Apple inks multi-billion dollar chip fabrication deal with Samsung, sources say

“Samsung Electronics agreed with Apple to produce application processors (APs) from next year for iPhones and iPads, sources said Monday,” Kim Yoo-chul reports for The Korea Times.

“The agreement means Samsung will become a primary supplier of APs to Apple, pushing its chief Taiwanese rival TSMC back to second place,” Kim reports. “From 2016, the company will supply 80 percent of APs used in Apple devices, and TSMC the remainder.”

“AP chips function as the brain in computing devices. Apple will design its A-series APs, and Samsung will fabricate them in partnership with GlobalFoundries (GF), a semiconductor manufacturer headquartered in Santa Clara, California,” Kim reports. “‘Apple has designated Samsung as the primary supplier of its next A-series chips powering iOS devices from 2016 as the alliance with GlobalFoundries (GF) enabled Samsung to cut off capacity risk,” a source familiar with the deal said. The value of the deal is said to be worth ‘billions of dollars,’ according to the sources.”

Read more in the full article here.

MacDailyNews Take: Tim Cook to the Samsung thieves: “I wish I knew how to quit you.”

Related article:
Bernstein: Why Apple Will Leave TSMC Next Year – August 4, 2014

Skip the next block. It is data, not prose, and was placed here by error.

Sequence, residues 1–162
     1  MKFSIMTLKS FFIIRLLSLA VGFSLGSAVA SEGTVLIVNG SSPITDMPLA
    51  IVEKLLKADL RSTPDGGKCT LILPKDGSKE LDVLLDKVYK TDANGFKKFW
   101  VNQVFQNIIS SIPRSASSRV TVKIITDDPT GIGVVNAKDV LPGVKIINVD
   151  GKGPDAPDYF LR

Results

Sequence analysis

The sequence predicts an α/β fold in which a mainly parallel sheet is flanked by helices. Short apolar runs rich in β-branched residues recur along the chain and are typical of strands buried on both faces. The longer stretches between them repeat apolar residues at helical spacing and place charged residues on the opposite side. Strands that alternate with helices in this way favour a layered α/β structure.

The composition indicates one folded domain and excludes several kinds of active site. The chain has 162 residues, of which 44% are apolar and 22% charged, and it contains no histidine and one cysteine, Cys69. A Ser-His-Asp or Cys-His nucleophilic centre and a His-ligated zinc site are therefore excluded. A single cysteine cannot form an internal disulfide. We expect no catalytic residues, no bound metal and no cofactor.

26 Comments

    1. +1 Agreed.

      Here is the thing: Apple’s chip requirements are so huge that there are only a few companies in the world who can meet them. Intel could, but refuses to provide foundry services to Apple (and everyone else). Samsung – regrettably – is the only other chip maker (and even they needed to partner with Global Foundries on this deal) with the ability to meet both the quality and quantity requirements.

      1. Not only that…I’m sure Apple now sees Samsung phones as vanquished foe…so they can keep them close.
        Principles be damned! It’s just business.
        The lawsuits served a purpose and Samsung blinked, but I’m glad it’s over. Let the products talk instead.

  1. Without knowing the details of the deal, I would imagine that Apple’s leadership did not waste any opportunities to pad their bottom line. With all the hits to Samsung’s business resulting from iDevice proliferation, they’re hemorrhaging dollars and NEED Apple’s business to maintain some semblance of profitability. I can only assume that Apple swept in like a righteous vulture and dictated terms that favor Apple. I wouldn’t be surprised if Apple negotiated rock bottom pricing that Samsung would have been averse to this time last year. This is a victory for Apple: maintain relationships with the best chip fabricator rather than having to source new manufacturers, with the best possible pricing for Apple. Double whammy for Samsung, they take a hit on manufacturing for their chief rival, who uses their own chips to kick Samsung’s ass even further down the rabbit hole.

    1. I agree. If true, this has to be only reason for a supposed long term deal. Otherwise they’d just keep playing Samsung and TSMC off each other year by year.

      At this point, Samsung is hardly even a competitor. Apple has won the high margin smartphone war. Might as well lock in some cheap chips to keep those margins high.

    2. I’m not sure that Samdung hasn’t blinked. Seems they are acting a lot less cocky than they were. They have taken big spoon fulls of humility over the last 4 months as their financial forecasts continue to get weaker and weaker, and their new product offerings have to be discounted almost immediately to garner any attention at all.